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As we head into the final month of the year, spend a few minutes thinking about what you’d like to do in 2019 to improve your financial position.

Two ways to look at the possible steps you could take: Which will have the biggest impact on my finances, and which will most make me feel better about them? Given the high levels of financial stress that keep turning up in money-related polls, I suggest you go for changes that will make you feel more in control of your finances. For that, consider following a budget and saving more.

Fresh research suggests these two steps are effective in building your sense of financial well-being. “Regardless of the amount of money someone makes, regular efforts to save for unexpected expenses and other future priorities appears to be key to feeling and being in control of personal finances,” the federal Financial Consumer Agency of Canada says in a summary its 2018 Financial Well-Being Survey.

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In an additional study on budgeting, the FCAC found that slightly more than half of participants believed a budget helped them pay down existing debts, increase savings for the future or to save for emergencies. The budgeting study started in 2016 with people in British Columbia and Newfoundland and Labrador who were introduced to budgeting. A follow-up in 2018 found that 54 per cent of the group was still using a budget.

What I like about saving and budgeting is that they’re foundational financial moves. They give you control and flexibility that will help you find money to pay down debt, save more for retirement and do other important things to help you get where you need to go in life.

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Rob’s personal finance reading list…

How not to argue over money

Advice for couples on how to develop a united front in dealing with financial matters. I really like the suggestion to find a financial mentor to offer guidance on big decisions.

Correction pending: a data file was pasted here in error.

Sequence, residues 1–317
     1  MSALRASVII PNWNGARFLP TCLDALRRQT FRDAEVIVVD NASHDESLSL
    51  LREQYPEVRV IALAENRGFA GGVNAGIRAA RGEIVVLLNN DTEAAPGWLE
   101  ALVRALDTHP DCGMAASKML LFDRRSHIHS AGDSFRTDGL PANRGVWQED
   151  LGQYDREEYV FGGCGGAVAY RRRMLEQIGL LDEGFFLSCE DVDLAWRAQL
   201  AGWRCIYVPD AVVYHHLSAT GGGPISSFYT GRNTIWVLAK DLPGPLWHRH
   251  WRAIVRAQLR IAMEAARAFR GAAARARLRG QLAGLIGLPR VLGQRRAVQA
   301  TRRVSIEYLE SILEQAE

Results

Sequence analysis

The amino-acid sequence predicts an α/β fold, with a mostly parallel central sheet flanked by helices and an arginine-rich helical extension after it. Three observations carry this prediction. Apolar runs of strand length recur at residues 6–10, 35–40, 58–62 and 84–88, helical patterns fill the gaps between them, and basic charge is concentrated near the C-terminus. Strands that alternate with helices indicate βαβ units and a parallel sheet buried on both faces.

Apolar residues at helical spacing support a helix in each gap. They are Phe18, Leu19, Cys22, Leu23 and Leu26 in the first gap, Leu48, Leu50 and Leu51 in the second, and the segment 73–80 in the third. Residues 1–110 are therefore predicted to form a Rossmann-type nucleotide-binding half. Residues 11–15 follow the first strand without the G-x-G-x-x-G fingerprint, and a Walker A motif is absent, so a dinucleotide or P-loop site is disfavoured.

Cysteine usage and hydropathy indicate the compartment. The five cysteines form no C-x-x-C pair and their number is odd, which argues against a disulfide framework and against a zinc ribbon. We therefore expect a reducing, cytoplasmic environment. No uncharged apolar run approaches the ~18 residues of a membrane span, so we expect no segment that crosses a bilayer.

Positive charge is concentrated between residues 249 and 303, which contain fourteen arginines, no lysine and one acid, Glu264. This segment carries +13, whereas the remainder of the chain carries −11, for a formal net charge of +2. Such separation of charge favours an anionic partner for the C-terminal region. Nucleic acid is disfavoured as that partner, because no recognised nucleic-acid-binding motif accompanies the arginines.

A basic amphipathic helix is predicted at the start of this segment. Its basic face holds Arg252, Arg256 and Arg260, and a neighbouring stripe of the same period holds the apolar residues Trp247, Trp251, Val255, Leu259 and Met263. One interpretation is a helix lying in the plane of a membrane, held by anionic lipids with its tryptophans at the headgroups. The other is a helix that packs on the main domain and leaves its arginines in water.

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Who’s up and who’s down on car reliability

Consumer Reports updates the vehicles that have been added and dropped from its recommended list because of reliability issues.

Indulgence and convenience

All about how the food service industry is targeting millennials who are priced out of the housing market and thus have the disposable income to eat out often. The question for these millennials is whether they aspire to own a house down the line. If so, they may want to cool it on the restaurant and bar spending to ramp up their savings.

How financially desperate people are able to borrow more

An insolvency expert comments on how a well-off couple with massive debts keeps finding ways to borrow additional funds. I wrote about this couple in a recent newsletter.

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Today’s financial tool/app

Ready to try a budget to see if it can help you control your spending and find more money to save? A non-profit debt counselling service created this easy-to-use budget planner to help you track your day-to-day spending.

Ask Rob

Q: I am in my 30s, relatively new to the markets and trying to self-manage my own stocks. However, after reading your recent robo-adviser guide, I realize a robo-adviser might relieve some of the pressure on myself, diversify my investments, and be a savvy alternative to a financial adviser. That being said, I cannot decipher which robo-adviser is recommended for someone in my position (young, new to the markets, modest but fairly regular investment contributions). Are there specific robo-adviser firms that you recommend for someone that is in my position?

A: Sounds like you want a low-fee robo-adviser that won’t take too big a bite from your investment returns. The latest Globe and Mail robo-adviser guide includes a comparison of advice fees and the average fees for exchange-traded funds used in client portfolios. Questwealth Portfolios is the low-cost leader on a combined basis, with several other firms also offering a reasonably priced package.

Do you have a question for me? Send it my way. Sorry I can’t answer every one personally. Questions and answers are edited for length and clarity.

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In case you missed these Globe and Mail personal finance-related stories

  • How taxes can provide relief from a failed investment
  • The expanded CPP will not narrow the gap between public and private sector pensions
  • Could this octogenarian widow run out of her retirement savings? (for Globe Unlimited subscribers)

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